On first impression, it only takes people about seven seconds to assess what they think of another person, according to an expert on diversity and inclusion.
As a species, humans are hard-wired to make snap judgments that help them decide when they are safe, when they are in danger and when they should be on guard. Those instincts — that bias — may serve us well when we run into a stranger in a dark alley at night, but it can be a problem when we carry those biases with us into schools, board rooms and neighborhoods.
Mardia Shands, chief diversity officer for the Tri-Health hospital group, says that to build workplaces and communities where everyone is welcome and everyone has a chance to thrive, we have to learn to look beyond the surface.
“We automatically go to those things that we see … but most of what makes us who we are is not visible to others,” Shands said.
Shands is the chief diversity officer for the Tri-Health hospital group in Cincinnati, and in a CivicCon presentation Monday night she discussed ways people can start to break through their biases and bring more diversity and equity to their work and life circles.
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Early on in her talk, Shands noted that equity is different than equality. She said equality is treating everyone the same. Equity is ensuring different people have the specific things they need to achieve the same results as everyone else.
So for instance, equality is saying everyone will get the same length ladder to pick an apple off the tree, regardless of their height. Equity is ensuring every person has the right length ladder so they can reach their apple.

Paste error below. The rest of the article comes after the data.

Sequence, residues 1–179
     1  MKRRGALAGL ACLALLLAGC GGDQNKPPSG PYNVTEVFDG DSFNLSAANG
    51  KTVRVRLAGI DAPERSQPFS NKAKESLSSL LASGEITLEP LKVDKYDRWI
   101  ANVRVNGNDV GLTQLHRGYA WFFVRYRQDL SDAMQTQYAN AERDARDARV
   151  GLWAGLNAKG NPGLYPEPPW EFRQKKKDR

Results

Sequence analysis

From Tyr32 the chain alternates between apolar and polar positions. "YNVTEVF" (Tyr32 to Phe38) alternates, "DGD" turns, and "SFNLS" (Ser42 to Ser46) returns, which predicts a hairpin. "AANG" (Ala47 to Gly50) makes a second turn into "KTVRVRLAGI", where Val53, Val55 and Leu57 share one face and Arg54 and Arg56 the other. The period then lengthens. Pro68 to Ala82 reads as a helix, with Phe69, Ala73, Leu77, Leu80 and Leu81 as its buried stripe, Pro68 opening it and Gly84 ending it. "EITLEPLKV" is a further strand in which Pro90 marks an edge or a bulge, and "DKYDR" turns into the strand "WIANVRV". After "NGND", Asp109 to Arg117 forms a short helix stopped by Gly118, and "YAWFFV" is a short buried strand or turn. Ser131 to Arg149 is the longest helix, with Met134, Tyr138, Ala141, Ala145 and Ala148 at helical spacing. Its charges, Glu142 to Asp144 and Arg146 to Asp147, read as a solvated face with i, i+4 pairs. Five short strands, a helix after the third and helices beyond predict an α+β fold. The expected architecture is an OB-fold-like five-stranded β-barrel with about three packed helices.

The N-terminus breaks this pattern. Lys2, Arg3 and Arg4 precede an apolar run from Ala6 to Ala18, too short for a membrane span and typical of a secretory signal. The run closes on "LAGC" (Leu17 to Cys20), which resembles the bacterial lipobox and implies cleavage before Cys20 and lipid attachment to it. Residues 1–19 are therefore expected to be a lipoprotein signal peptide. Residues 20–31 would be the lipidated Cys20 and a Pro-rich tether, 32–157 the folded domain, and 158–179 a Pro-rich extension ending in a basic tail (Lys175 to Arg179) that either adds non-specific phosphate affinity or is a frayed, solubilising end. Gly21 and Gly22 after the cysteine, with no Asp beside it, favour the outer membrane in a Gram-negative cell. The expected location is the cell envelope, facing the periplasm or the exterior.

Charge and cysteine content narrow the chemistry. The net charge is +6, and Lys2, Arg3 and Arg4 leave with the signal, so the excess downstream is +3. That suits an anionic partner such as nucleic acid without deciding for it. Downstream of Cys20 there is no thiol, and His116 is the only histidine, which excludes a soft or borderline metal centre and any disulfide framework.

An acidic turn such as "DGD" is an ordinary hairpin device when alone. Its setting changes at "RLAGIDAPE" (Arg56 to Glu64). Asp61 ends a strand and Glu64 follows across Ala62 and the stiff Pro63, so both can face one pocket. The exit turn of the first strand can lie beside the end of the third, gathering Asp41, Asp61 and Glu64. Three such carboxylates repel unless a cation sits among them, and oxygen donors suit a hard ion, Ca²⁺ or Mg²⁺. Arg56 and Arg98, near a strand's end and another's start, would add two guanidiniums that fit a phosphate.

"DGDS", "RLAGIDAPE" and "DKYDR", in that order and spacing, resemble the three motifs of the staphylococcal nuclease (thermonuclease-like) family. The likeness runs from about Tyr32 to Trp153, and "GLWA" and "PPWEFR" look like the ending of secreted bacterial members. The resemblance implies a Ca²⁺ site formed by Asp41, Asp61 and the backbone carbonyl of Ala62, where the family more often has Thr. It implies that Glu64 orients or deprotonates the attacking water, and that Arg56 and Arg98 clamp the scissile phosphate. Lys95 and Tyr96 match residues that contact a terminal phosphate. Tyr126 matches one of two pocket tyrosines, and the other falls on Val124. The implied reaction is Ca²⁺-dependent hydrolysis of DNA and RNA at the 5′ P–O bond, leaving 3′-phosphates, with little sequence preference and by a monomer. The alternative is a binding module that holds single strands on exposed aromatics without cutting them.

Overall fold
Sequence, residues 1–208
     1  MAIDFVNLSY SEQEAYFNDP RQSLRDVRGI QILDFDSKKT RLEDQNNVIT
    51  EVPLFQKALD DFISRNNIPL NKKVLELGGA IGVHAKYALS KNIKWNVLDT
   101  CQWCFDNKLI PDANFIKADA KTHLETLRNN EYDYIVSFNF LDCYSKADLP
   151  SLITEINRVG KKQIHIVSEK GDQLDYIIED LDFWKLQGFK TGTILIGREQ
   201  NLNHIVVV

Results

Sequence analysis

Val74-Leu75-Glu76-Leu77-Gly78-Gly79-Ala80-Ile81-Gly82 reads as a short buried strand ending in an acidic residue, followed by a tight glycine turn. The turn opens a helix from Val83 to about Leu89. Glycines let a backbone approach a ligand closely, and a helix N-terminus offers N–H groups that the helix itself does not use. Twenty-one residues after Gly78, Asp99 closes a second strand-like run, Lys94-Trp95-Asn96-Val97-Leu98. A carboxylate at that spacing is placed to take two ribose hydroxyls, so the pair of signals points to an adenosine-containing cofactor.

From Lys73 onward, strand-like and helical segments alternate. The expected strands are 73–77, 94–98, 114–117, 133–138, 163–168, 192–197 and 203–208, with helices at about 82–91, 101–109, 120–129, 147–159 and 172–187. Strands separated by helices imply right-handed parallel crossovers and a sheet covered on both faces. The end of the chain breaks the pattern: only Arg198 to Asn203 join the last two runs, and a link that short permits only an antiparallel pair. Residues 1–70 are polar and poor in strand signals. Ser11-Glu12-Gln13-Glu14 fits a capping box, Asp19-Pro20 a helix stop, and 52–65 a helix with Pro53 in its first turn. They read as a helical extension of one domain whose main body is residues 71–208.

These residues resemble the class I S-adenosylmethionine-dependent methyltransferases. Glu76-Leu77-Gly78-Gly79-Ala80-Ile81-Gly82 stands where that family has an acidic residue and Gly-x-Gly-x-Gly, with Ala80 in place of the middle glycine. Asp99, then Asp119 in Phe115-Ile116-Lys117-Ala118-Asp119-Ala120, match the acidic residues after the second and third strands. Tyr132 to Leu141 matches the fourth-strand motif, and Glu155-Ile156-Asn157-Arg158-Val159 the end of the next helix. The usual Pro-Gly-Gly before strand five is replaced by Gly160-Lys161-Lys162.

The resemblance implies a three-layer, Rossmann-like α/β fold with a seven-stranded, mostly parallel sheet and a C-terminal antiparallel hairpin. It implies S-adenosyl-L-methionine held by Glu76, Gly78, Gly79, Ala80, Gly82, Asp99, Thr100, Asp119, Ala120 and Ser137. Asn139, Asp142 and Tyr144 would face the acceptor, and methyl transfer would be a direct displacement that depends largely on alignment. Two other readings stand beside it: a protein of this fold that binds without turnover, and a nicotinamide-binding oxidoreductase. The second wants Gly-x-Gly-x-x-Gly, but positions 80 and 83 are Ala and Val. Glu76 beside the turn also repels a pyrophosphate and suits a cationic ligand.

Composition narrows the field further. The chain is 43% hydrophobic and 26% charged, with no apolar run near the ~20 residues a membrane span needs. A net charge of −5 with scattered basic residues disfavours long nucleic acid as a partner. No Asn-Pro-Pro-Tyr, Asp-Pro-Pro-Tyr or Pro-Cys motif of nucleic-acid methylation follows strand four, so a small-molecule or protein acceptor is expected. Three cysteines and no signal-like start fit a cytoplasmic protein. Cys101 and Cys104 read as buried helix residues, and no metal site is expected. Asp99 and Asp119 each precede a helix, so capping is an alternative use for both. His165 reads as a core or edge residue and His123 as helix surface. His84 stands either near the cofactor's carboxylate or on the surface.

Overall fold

“Everybody wants a bite at the apple,” Shands said. “Of course we do. We all want lives with dignity. We all want respect, so we can raise our families and enjoy opportunity and be prosperous. After all, this is America folks … even our founding fathers believed that we should have equality. There’s just one thing: sometimes, equality just doesn’t work. Equality gives everybody the same thing, but if you’re the little guy the same thing doesn’t work for you.”
Shands said the concept is important because it ties into things like hiring at businesses, treatment of workers or just everyday interactions among citizens.
“In an organization or in a community, if we give everyone the same things whether they need it or not, that’s not an effective way to ensure everyone is making the most of their lives and their talents,” Shands said.
Shands said that the value of diversity is that its brings different life experiences, perspective, ideas and thought processes, which in turn allows organizations to be adaptable, resilient and welcoming and places where people want to be and want to stay.
Discussing how people can create more diversity in the businesses and organizations, Shands said it has to be something that is done intentionally. She said when all other things are equal, it comes down to intentionally choosing the person who is different than you rather than the same as you.
Shands said in hiring, for example, many managers and business owners say they have trouble finding minority candidates who are qualified. Shands suggested that rather than going through traditional pipelines, they may try recruiting at colleges and professional organizations whose members are predominantly people of color.
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She also suggested that people challenge their notions of why people think a minority candidate may not be a good fit for a position. Shands said she often finds in her position, that minority candidates aren’t passed over because they are less qualified, they are passed over because hiring managers often assume someone from the traditional mold would be a “better fit.”